which followed 1880, was the settlement of her western plains. For twenty-five years, by common consent, the western third of the state had been regarded as unfit for any agriculture. Isolated ranches had located in some of the beautiful valleys where free range gave the ranchmen unlimited opportunities for grazing. Very early in the decade the last bunch of buffalo disappeared from Nebraska soil, and the last hands of wandering Indians who had subsisted upon them were glad to seek the shelter of the United States Indian Agency and eat government beef. For ten years the government lands in the eastern half of the state had been culled over by the later immigrants who were compelled to take the rougher and poorer tracts remaining. No one had thought, apparently, of venturing on the high table lands of the west to farm. Suddenly, as if by a common impulse, the line of homesteaders and pre-empters broke through into the cattle country. In the remote valleys, among the sandhills, on the edge of canyons along the Niobrara, and even upon the mountainous table lands of Sioux and Kimball counties appeared as if by magic, the settler's sod house



and strip of breaking. This was not accomplished without conflict nor even without bloodshed between the cattlemen and the homesteaders. The settlers were everywhere told by the cattlemen that the country dried up in July and that it was impossible to raise a crop without irrigation. To the intense disgust and astonishment of the same cattlemen a cycle of rainy years arrived with the homesteaders. Crops grew famously everywhere, wheat yielding thirty bushels to the acre, corn thirty to forty, and all kinds of vegetables enormously, whether upon the gumbo lands of the 'White River valley, or the high table lands of Box Butte and Perkins. Along with this rush of homesteaders went the extension of the Northwestern railroad to the Black Hills, the completion of the Burlington to Denver and the Big Horn country, and the driving of helds (sic) of elk and deer and antelope, with the great cattle outfits, before the advancing line of farmers and town-builders. When the decade ended Nebraska was settled to her
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Nebraska Elk on Farm of John Gilbert, Friend, Nebraska.

farthest borders. At the same time with the extension of farming over western Nebraska, came a great development of manufacturing in the eastern part of the state. The great packing and stockyard center at South Omaha was developed. The first beet sugar factory was erected at Grand Island. The production of multitudes of different manufactured articles, which had formerly been imported from the east, was begun in Nebraska.

     Nebraska's third speculative fever and real estate boom accompanied this new material progress. It was a period of borrowing. The supply of eastern money to be had on real estate security was unlimited. Loan agents flourished in every hamlet, and, not content with ordinary routine business, drove from farm to farm trying to persuade the owner to "take out a loan." The main feature of the real estate boom of the fifties was laying out paper towns which had no existence, and selling lots therein. The boomers of the eighties had a different system. Their plan was to lay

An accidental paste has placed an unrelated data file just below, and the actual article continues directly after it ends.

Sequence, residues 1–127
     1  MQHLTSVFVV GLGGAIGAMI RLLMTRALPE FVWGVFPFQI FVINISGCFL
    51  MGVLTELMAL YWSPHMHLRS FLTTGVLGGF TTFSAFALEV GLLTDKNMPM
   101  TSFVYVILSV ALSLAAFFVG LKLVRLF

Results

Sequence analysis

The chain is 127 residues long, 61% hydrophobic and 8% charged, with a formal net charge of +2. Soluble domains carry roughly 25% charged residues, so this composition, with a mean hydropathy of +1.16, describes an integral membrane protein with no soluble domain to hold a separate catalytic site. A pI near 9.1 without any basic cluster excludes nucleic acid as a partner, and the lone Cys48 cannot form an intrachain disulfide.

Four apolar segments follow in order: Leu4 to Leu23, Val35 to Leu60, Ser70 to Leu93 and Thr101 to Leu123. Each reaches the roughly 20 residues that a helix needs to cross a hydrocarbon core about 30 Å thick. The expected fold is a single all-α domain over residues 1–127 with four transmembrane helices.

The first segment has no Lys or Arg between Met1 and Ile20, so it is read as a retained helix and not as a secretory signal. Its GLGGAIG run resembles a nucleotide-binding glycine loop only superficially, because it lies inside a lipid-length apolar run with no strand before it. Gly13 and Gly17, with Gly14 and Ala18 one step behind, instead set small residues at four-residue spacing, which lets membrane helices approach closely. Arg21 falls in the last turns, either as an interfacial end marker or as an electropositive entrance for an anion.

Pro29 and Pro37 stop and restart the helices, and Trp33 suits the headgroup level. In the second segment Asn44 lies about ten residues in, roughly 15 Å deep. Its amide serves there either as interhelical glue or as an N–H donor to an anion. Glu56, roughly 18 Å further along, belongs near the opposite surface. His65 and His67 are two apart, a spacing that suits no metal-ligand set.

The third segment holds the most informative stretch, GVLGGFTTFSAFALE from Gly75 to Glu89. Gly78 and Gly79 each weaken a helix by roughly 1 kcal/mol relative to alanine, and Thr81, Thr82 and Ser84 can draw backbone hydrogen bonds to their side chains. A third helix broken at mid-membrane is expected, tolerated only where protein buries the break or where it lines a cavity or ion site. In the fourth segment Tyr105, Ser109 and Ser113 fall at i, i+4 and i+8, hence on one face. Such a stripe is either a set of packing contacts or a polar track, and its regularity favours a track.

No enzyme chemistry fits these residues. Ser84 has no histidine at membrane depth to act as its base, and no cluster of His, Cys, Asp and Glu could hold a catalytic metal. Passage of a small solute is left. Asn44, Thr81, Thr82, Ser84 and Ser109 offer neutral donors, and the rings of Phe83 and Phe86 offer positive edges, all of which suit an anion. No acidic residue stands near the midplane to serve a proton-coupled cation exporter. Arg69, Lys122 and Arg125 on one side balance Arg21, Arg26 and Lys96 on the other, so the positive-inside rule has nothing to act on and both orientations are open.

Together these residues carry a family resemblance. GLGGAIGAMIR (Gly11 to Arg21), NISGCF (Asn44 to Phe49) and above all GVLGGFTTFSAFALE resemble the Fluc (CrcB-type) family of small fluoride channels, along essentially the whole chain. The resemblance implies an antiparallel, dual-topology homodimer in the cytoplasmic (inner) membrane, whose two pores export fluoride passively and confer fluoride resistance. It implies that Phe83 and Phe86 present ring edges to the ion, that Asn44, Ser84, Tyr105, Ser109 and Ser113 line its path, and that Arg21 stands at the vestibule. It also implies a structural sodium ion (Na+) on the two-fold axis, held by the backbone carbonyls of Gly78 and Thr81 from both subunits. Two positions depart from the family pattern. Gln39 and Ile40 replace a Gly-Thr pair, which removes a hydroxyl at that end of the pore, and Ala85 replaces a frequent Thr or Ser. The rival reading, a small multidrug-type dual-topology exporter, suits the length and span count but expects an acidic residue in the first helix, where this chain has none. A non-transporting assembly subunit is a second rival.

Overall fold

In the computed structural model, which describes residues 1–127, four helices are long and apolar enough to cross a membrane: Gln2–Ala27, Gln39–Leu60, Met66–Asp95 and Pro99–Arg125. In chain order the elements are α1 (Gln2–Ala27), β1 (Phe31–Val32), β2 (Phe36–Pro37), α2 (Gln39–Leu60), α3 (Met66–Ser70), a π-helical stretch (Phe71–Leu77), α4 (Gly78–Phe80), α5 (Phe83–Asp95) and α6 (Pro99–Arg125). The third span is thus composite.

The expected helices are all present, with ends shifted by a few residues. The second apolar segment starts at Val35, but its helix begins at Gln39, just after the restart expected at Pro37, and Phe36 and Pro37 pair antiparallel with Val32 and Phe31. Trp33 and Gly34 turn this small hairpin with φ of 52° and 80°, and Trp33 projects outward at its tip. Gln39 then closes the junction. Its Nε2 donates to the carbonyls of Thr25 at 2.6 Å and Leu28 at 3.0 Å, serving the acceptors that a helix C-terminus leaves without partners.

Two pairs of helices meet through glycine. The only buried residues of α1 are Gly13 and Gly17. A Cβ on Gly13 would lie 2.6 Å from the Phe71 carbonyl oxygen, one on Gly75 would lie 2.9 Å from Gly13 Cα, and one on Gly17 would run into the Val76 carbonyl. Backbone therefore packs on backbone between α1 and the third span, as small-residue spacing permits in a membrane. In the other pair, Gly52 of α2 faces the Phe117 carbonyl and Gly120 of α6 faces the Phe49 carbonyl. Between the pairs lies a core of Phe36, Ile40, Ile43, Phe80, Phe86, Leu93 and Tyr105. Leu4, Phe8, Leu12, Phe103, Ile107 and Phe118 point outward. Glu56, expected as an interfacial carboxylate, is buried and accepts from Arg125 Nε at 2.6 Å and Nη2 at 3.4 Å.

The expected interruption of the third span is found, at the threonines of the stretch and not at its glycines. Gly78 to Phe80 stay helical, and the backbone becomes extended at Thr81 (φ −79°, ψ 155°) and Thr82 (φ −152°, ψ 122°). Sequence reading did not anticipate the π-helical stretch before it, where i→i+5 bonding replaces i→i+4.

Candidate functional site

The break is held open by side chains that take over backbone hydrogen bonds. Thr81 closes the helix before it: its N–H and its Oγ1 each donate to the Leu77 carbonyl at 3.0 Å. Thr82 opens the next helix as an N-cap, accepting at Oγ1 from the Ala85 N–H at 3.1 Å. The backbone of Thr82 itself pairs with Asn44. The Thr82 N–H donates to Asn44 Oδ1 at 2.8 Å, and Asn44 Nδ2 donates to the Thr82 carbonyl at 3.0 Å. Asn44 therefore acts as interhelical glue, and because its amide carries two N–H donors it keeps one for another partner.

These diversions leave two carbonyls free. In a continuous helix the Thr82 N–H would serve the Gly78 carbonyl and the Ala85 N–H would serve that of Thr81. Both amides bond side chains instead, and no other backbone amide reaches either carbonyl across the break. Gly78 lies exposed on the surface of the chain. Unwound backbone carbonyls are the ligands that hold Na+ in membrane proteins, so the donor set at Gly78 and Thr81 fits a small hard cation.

out "additions" to the various centers of population already established until these additions to rival cities met in corn fields half way between. Lots were sold at good prices in "additions" to Lincoln and Omaha where, at this day, the peaceful market gardener pursues his vocation and the long rows of Nebraska corn rustle in the summer wind. -

     The political history of this period was very much like its economic development,--all one way. The state had become solidly republican, and the party managers acted upon the theory that it never could be anything else. The strength of the democratic party was confined to about a dozen counties along the Missouri and Platte rivers. At the election of 1880 Governor Albinus Nance received 55,237 votes, while his opponent, ex-Senator Tipton, who had now become a democrat, had 28,167. In the legislature which met in the winter of 1881, Charles H. Van Wyck was elected United States senator to succeed Paddock. One hundred thousand dollars was appropriated to

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A Pioneer Home on the Plains. (Photo by Kimberly)

build another wing to the capitol. Agitation for temperance laws and woman suffrage had become so strong that the Slocumb high license law was passed and woman suffrage submitted to the people in the form of a constitutional amendment. This amendment was defeated by the people,--25,756 votes for and 50,693 against. Another state institution, the Home for the Friendless, was established. In 1882 a strike of laborers in Omaha resulted in riots and the calling out of the militia by Governor Nance. The expense to the state was $11,050. At the election in 1882 James W. Dawes, the republican candidate for governor was elected, having 43,495 votes, while J. Sterling Morton, democrat, received 28,562, and E. P. Ingersoll, greenback, 16,691. This result,--showing the republican party in a minority, although on a light vote,--brought about two years later the third fusion ticket in state politics--democrats and greenbackers uniting on a mixed ticket for electors and state officers. The popular vote for governor was,